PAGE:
In this article, seminarian Ryan Beaupre reflects on his past year studying in Belgium, earning a masters in theology
I know it is a strange thing to say, but the past year was one of the best of my life. In September 2020, I headed off to the city of Leuven in Belgium in order to study the philosophy of St. Thomas Aquinas, while living in a monastery in the town. The program was an international Master’s of Philosophy at the Catholic University of Leuven (KU Leuven for short), to be completed in one year, with both classes, and a thesis. Despite COVID restrictions being similar to what they were here in Canada, I learned so much from the great minds of the past, made many good friends, and grew ever closer to Christ.
Before I say anything about my studies, I feel I should share what it was like to live in such an historic town and country. From my monastery window, I could see the spires of six Gothic churches! The university itself was founded in 1425 (making it four times older than Canada!) but the town goes back further than that, to at least the 9th century. I would often walk the cobblestone streets thinking about how many great men and women walked through them before me. St. Thomas Aquinas and his teacher, St. Albert the Great, had travelled there; Leuven played an important role in the Catholic response to the Reformation; our world map (the ‘Mercator projection’) was developed there; its university had taught countless great scholars and thousands of priests, among whom were Fr. George Lemaitre, who first proposed the Big Bang Theory, and the Venerable Fulton J. Sheen. But above all these, the greatest figure was St. Damien of Molokai. One of my favourite childhood saints, St. Damien was a missionary who spent his entire life serving a leper colony in Hawaii – I learned on my arrival that he was originally from a farm just outside Leuven, and is buried in the city. During my stay, I would go and pray at his tomb once a month.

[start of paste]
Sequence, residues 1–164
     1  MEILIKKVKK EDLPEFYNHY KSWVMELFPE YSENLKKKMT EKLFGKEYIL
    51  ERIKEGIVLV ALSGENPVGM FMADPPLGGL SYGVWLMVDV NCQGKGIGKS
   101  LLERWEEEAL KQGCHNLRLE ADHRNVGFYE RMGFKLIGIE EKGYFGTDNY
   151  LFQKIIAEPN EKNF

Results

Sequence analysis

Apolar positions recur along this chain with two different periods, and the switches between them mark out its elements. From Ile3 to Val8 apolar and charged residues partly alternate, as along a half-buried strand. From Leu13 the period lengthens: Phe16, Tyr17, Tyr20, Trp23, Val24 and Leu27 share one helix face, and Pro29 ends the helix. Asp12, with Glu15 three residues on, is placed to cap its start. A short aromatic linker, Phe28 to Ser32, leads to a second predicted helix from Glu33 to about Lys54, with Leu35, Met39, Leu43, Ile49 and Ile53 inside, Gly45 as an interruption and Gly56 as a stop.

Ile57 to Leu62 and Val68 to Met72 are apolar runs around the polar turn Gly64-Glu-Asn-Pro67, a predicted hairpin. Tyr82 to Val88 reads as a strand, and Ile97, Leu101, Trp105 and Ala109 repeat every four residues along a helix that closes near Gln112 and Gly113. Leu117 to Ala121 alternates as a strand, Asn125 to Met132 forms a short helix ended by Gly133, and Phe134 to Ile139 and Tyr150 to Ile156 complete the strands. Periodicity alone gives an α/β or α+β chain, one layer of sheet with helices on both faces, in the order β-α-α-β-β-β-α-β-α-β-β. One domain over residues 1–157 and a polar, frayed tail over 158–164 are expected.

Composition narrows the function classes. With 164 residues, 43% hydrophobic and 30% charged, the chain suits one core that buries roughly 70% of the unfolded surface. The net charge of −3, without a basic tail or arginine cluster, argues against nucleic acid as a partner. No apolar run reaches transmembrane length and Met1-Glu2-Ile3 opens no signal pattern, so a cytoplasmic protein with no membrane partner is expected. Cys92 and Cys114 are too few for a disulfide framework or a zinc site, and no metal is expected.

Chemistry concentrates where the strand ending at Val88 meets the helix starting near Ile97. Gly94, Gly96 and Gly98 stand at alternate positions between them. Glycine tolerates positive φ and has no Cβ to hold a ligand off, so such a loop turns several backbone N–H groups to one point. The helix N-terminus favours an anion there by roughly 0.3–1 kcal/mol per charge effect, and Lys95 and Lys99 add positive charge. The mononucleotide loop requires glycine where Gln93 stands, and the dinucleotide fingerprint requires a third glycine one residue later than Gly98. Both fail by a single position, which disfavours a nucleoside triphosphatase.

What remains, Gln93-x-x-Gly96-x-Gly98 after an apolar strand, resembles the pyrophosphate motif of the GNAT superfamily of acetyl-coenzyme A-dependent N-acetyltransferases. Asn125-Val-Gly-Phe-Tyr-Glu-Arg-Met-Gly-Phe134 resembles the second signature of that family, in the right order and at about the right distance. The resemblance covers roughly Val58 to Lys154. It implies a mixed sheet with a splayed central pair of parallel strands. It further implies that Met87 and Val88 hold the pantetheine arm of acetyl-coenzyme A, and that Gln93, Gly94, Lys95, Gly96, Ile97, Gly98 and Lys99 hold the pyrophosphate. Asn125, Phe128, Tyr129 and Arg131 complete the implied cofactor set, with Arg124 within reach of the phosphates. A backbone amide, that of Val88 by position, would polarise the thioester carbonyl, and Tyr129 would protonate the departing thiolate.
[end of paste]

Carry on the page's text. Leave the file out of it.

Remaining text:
I must speak as well about my temporary home there, namely, the Benedictine monastery of Abdij Keizersberg (Mount Caesar Abbey). This abbey is young by monastic standards, about 130 years old, and currently has only four monks. Beginning with St. Benedict in the sixth century, Benedictine monks devote their lives first and foremost to the contemplation of God. While other orders focus on doing good work in the world, such as Franciscans who serve the poor and Dominicans who preach the word of God, the Benedictine Rule states that ‘nothing is to be preferred to the work of God.’ These monks live a stable community life, normally in a single monastery for their entire life, perform plenty of manual labour, take frequent times for silence, and most of all, have beautiful, reverent liturgies. The virtues of deep and abiding humility, and obedience to superiors as to the will of God, are very important virtues for them. This lifestyle leads to Benedictine monasteries being very large and beautiful. Here in Canada, the largest abbeys are Westminster Abbey in Mission, BC and Saint-Benoît-du-Lac in Québec; both abbeys have around 30 monks.
For me, the Benedictine charisms were perfect for my growth this past year. My life consisted almost entirely of prayer, study, and friends. Each morning, I would wake up at six and spend a couple hours each morning in silent prayer in the abbey church. Then, I would do classwork all morning before Mass and Midday Prayer at noon. More classwork in the afternoon, followed by Vespers (Evening Prayer) just before supper, leaving me to relax and hang out in the evenings. I would close my day by chanting Compline by myself in the abbey church. These liturgies primarily consist in chanting the psalms, with times for other Scriptural readings and silence mixed in.
A word about my spiritual life. I spent more time in silent prayer this past year than I ever have before. While I remain a novice in the spiritual life, I know God brought me to understand and love Him in new ways through this silence. Just as it may be difficult to express in words the emotions and love one has for one’s family, so too, in silence, the Spirit brings us to love the good God “with sighs too deep for words” (Romans 8:26). In regular silent prayer before the tabernacle I was surprised to find myself crying from incredible joy in considering God’s goodness, His creation, His incarnation and resurrection, and presence to us in the sacraments.
Read the full story in the October 2021 edition of Northern Light